He never socializes/fraternizes with his colleagues

The old man hates to socialize/fraternize

and

fraternise - be on friendly terms with someone, as if with a brother, especially with an enemy

  • Fraternize has a connotation of not actually being very close friends, I think. It's like "hang out with". – Max Williams Apr 5 '18 at 7:36
  • @Max Williams If we worry overmuch about any but the most prevailing connotations, we'll never use any words at all. – Edwin Ashworth Apr 5 '18 at 11:31
  • But surely worrying about the subtleties of language is what makes this site so enjoyable? Besides, I think this is "prevailing". Consider "Did you use to fraternize with Jim?" "We did more than fraternize - he was my best man and the godfather to my children". In other words, the question is asking about a degree of friendship stronger than that implied by simply fraternizing with someone. – Max Williams Apr 5 '18 at 12:01
  • If there were a causative+habitual form of "fraternize" in English, I reckon it'd be a pretty solid option. +1 because this is definitely still useful, though it doesn't quite fit without rewording sentences during translation, or applying some creative word-formation ("fraternalize", maybe?). – Ethan Kaminski Apr 5 '18 at 14:38
  • @MaxWilliams in my specific case, degree of closeness isn't as important as making sure that "just let me [fraternize/endear/etc.] my shoelaces" sounds so obviously nonsensical as to be absurd (not a made-up example; that's basically what I said, albeit not in English). But for the sake of general applicability and such, makes sense to raise that point. – Ethan Kaminski Apr 5 '18 at 14:42
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I think bonded is totally unambiguous in context, "The two friends bonded over a shared experience" would never be interpreted as "The two friends where permanently attached together in a physical manner by adhesive, pressure or heat."

English is very context dependent, and in this context the meaning of 'Bonded' is "emotionally or psychologically linked."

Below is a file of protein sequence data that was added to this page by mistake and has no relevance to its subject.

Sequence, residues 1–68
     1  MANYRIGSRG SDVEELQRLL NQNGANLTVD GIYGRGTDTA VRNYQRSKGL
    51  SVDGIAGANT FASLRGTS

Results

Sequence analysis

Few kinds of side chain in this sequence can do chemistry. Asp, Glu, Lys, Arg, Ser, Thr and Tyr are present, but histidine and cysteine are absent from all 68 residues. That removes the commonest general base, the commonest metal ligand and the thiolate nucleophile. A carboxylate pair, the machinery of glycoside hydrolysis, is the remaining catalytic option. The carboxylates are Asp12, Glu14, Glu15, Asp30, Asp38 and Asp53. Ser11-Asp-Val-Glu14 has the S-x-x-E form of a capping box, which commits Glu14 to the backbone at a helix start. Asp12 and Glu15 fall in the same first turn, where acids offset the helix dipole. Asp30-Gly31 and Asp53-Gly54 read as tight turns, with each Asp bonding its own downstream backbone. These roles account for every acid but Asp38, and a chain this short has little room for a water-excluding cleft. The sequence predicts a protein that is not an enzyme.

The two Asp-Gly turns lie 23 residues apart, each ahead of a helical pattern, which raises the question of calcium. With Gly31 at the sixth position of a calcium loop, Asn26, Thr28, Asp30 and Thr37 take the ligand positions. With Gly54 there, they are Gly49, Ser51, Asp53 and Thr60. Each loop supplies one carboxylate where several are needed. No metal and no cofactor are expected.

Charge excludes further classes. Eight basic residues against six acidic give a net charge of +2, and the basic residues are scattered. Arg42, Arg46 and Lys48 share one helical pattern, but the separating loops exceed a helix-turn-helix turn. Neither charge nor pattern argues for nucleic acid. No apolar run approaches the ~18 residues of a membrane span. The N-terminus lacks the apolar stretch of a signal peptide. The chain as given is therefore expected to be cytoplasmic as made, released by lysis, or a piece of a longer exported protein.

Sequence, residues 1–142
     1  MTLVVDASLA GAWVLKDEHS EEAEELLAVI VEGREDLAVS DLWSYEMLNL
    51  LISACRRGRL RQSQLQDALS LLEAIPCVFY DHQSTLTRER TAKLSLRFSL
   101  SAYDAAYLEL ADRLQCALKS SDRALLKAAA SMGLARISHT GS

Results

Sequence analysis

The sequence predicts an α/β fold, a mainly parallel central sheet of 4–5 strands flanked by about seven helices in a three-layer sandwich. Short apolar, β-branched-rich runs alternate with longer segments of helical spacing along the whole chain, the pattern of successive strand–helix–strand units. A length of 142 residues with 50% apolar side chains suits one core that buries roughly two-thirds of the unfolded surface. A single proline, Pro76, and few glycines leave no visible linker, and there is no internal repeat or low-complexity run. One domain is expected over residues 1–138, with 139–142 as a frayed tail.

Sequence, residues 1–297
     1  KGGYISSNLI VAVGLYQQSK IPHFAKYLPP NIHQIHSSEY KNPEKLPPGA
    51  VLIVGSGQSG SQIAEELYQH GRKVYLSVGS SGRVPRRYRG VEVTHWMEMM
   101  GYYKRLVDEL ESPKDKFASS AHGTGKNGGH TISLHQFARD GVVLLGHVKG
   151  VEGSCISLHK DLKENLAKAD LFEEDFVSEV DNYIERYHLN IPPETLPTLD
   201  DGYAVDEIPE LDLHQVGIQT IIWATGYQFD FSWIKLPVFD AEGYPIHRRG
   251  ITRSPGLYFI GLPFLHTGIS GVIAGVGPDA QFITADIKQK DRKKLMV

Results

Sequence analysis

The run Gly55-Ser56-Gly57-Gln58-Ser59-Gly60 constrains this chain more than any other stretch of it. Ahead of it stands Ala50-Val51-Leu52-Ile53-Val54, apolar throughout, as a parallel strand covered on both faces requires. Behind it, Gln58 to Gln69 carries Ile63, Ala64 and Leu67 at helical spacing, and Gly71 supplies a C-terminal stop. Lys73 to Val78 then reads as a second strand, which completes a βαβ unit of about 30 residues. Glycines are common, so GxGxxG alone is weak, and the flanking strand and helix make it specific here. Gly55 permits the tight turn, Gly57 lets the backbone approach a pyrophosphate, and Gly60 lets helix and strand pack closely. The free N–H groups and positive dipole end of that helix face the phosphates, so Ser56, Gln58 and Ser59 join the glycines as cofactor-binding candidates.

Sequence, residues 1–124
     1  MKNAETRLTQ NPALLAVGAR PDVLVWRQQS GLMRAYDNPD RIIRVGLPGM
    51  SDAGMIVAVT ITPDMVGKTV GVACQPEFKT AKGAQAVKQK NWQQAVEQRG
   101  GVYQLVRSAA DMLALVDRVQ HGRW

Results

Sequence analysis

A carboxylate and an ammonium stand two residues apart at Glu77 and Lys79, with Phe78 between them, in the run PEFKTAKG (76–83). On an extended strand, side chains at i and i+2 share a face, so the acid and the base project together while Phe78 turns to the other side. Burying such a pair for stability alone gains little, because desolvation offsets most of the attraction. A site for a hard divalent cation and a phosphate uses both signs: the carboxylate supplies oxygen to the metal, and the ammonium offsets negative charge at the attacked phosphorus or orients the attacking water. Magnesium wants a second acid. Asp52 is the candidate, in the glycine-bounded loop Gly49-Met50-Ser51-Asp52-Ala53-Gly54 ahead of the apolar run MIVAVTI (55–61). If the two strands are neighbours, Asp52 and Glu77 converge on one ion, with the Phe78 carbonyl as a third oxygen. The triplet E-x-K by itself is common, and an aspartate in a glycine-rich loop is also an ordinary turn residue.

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    Yes, but bonded is also used, very frequently, to mean physically attached, which is what the OP is specifically trying to avoid. You seem to be saying that he shouldn't try to avoid that, but he is, and the other answers fit that requirement. – spoko Apr 5 '18 at 14:19
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    OP goes on to say they are looking for "a good (non-ambiguous!) equivalent for the Japanese word "tsunagaru"." 'Bonded is totally non-ambiguous if used in this context. – JeffUK Apr 5 '18 at 14:22
  • In a super-clear context, it may not be. But it absolutely is a word with both discrete meanings, and so by its very nature it has some ambiguity. The entire point of this post is to find a word that doesn't have both meanings -- the OP already knows about bond and other words that do have both meanings. – spoko Apr 5 '18 at 14:27
  • It fails in the first of the two anti-examples: you can definitely say "the planks were bonded together" (well, maybe "are"), which is the translation pitfall I'm trying to avoid. I could potentially edit the question to be clearer about wanting a word that's non-ambiguous, even when that word is devoid of context, if that would help. – Ethan Kaminski Apr 5 '18 at 14:28
  • @EthanKaminski Why the proscription against physical linking. Entirely out of context "The two people bonded" can only mean "The two people became friends". It has absolutely no connotation of physicality in that shortest of sentences. – Mitch Apr 5 '18 at 15:09